In these dark hours, when the thunders of life break over your defenseless head (and you for whom the song of life has been a sweet and unbroken melody, remember how quickly heart-sinking sorrows can come to overwhelm you and yours), where can you find shelter and hope? Or—paralyzing thought—is there no shelter, no hope? Are we pieces of wreckage swept by the swift river of life, broken branches whirling in the funnel of a tornado? Are you and I accidental atoms in a world of chance and haphazard fate?

You do not have to be a Christian or believe the Bible to know that you cannot ignore the problem of suffering with a cold shrug of the shoulder. Reason tells you that there is a God of truth and justice, and your conscience reminds you that you must get right with Him. Why is it that wanton killers who sneer at death often have to be dragged, raving, moaning, cursing, to the electric chair? Why is it that in sudden catastrophes haughty, high-spirited men and women who boasted, “With bleeding head, but unbowed, I will fight my own battles,” have trembled in blanched terror and gibbering fright? Is all this bleaching of bravery not to be explained by the fact that without God and without Christ there can be no satisfying answer to the questions of suffering and death and that, if we lean on the arm of flesh, we are lost? Go back to the disaster of the flood. Hundreds of millions of dollars have been spent for flood control in the valleys of these raging rivers. Corps of the nation’s outstanding engineers have built mighty dams and hundreds of miles of river walls; yet many of these barricades broke like egg-shells under the impact of flood currents. For the smaller troubles of your life do not look to money, brains, or human resources for guidance and strength. I have seen millionaires cringe and sob as their plans for happiness crashed before their eyes; university men, skilled in meeting great emergencies, helpless before their own sorrows; physicians who could heal others, yet who knew of no medicine for their own heartaches; attorneys who could argue the cause of their clients, but who were powerless to plead the cause of their own soul.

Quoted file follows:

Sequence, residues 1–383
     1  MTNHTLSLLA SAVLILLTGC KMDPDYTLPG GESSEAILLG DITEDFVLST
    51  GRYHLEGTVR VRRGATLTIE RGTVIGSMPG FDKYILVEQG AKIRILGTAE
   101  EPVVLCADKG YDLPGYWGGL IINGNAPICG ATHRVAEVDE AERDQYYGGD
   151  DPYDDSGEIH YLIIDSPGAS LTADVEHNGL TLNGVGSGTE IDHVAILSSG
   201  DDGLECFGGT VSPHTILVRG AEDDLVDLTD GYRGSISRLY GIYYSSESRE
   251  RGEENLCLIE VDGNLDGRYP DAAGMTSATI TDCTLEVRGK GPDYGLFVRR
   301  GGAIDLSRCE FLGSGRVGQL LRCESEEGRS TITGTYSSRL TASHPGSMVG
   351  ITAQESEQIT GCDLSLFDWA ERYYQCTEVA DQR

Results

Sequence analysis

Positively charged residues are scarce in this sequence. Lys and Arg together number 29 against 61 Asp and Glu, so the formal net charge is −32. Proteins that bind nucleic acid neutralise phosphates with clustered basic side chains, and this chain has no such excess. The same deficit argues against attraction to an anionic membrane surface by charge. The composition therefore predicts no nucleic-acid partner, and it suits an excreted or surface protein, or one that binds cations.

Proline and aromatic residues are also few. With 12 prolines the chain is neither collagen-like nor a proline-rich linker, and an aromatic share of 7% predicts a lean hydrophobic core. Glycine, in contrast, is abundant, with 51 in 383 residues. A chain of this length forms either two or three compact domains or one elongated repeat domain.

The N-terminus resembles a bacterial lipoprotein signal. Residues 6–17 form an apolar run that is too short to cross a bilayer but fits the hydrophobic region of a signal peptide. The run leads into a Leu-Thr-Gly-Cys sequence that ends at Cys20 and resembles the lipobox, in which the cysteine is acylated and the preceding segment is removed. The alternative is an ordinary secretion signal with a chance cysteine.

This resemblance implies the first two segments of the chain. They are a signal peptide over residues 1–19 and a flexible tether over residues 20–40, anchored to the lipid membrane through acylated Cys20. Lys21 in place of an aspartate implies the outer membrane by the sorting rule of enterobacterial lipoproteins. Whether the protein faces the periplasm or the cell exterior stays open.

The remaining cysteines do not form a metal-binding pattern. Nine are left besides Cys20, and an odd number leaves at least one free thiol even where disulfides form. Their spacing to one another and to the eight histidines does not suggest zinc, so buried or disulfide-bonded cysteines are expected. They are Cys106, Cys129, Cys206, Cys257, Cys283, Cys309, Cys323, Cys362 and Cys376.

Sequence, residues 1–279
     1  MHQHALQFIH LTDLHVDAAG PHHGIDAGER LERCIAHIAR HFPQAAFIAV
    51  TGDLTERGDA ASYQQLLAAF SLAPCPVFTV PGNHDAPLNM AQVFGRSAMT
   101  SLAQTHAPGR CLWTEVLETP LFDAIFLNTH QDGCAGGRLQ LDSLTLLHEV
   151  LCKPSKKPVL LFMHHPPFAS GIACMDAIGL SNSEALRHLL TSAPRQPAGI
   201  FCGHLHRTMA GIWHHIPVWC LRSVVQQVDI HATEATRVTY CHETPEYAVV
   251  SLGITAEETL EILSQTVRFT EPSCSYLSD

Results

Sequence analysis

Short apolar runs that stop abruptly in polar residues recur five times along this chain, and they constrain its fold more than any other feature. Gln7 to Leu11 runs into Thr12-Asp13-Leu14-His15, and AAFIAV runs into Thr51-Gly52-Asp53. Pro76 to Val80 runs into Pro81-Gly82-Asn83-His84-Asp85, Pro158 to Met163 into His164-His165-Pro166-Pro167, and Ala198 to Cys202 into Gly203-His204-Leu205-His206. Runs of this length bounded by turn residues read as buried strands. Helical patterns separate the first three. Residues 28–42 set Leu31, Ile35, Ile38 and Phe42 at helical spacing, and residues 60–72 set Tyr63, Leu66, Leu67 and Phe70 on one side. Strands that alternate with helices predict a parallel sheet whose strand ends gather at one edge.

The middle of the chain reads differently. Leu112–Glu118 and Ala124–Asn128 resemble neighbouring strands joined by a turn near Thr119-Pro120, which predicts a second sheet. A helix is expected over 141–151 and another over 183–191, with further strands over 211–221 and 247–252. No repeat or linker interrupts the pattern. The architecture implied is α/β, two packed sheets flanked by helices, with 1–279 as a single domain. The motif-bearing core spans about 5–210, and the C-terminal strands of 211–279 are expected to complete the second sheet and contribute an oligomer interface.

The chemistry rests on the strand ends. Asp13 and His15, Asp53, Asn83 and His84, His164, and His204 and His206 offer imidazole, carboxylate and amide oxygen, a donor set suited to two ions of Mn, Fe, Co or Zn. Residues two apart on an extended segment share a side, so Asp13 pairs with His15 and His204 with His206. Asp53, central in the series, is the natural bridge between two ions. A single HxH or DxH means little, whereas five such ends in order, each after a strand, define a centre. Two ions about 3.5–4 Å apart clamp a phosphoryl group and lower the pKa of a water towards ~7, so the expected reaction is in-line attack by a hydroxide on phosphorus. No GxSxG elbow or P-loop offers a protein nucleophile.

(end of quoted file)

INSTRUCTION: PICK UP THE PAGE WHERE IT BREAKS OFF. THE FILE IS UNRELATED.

We must look beyond ourselves to behold with the apostle in our text “the love of Christ,” the Savior, who says: “Let not your heart be troubled.” I cannot promise those whom I again invite to accept this Christ as their Savior that in Jesus all troubles will vanish. Some would tempt you with a creed that promises to banish sickness and sorrow; there are high priests of modern unbelief who dream dreams and envision this sin-cursed race ever marching higher in its evolution to a golden, painless, sinless, sorrowless paradise here on earth.